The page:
A 47-year-old man was shot twice Wednesday night in the chest after an altercation with another person at a corner store before the victim biked to his family's house nearly a mile away on Edgewood Drive to seek help, the man's brother said.
Sgt. Don Coppola Jr., a Baton Rouge police spokesman, said authorities were alerted to the shooting around 7:40 p.m. and first went to the family member's home in the 2700 block of Edgewood Drive before discovering that the shooting actually happened in the 1300 block of North 31st Street.
The victim’s brother, who declined to give his name, stood next to state Rep. C. Denise Marcelle, D-Baton Rouge, as he explained how his brother was shot twice in the chest after an argument at a convenience store at Bogan Walk South and North Acadian Thruway.
Coppola said Thursday that the man is expected to survive.
Marcelle noted this was the second shooting that occurred on Wednesday in Baton Rouge. Earlier that morning, 16-year-old Glen Oaks High School freshman Rynell Alexander was fatally shot and his 17-year-old friend was wounded in a shooting off of Plank Road at about 1 a.m. over a drug transaction. A teen was arrested in that shooting.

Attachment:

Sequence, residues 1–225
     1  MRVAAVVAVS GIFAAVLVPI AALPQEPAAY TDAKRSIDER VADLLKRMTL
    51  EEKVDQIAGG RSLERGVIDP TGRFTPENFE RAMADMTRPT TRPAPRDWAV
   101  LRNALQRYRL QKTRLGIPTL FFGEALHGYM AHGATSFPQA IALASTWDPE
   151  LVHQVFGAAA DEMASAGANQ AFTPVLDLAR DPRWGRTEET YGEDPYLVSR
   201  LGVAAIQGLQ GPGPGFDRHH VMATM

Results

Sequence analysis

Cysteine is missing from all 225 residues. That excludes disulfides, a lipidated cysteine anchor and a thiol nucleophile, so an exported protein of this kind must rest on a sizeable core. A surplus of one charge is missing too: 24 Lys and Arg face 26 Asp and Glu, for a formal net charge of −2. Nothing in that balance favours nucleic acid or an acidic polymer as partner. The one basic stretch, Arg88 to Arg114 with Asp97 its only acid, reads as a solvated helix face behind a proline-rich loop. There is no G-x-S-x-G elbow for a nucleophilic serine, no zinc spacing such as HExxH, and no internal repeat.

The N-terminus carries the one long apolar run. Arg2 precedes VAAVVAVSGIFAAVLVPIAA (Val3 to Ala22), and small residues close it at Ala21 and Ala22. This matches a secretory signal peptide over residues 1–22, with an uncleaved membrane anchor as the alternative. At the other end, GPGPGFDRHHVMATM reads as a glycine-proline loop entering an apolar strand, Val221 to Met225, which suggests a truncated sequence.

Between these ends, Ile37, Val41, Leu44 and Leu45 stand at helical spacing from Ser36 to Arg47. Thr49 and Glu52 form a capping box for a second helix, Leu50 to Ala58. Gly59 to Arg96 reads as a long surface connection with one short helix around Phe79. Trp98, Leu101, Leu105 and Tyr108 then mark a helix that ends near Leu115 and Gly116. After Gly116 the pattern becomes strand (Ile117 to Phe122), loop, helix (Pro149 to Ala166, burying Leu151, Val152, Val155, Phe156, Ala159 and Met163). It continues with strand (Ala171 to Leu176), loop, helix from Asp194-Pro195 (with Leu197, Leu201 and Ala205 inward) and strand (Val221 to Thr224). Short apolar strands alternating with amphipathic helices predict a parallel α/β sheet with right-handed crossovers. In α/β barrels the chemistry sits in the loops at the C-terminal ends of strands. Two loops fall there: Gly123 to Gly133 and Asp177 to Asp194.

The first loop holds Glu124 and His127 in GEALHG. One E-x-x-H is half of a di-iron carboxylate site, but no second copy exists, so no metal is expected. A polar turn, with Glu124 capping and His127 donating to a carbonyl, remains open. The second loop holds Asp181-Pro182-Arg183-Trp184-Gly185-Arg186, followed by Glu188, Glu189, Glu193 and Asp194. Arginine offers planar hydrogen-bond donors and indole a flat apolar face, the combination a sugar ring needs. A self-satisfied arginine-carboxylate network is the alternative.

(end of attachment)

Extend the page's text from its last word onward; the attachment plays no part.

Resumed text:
She wants community leaders to address drug problems, which she said contributes to gun violence.
"Until we can find a way to combat these drug addictions and get people back to work, I just don't see where it's going to change much," she said.
Nine people have been fatally shot in 14 days in the parish, including 19-year-old Douglass Chenevert IV, who Marcelle said she met last year at her own granddaughter’s graduation party after Chenevert graduated from Scotlandville High.
Marcelle said she is considering introducing legislation during the next session aimed at deterring gun violence. She said she is particularly interested in illegal guns and supported penalties for people who place guns or ammunition in the hands of criminals.
The legislation she's interested in introducing would require people to show identification when they buy ammunition in an effort to cut down on their ability to purchase bullets for guns they may have obtained illegally.
"When we file legislation about guns, people come out of the woodwork and say, 'It's our right,'” Marcelle said. "I understand the second amendment but we have too many guns on the street."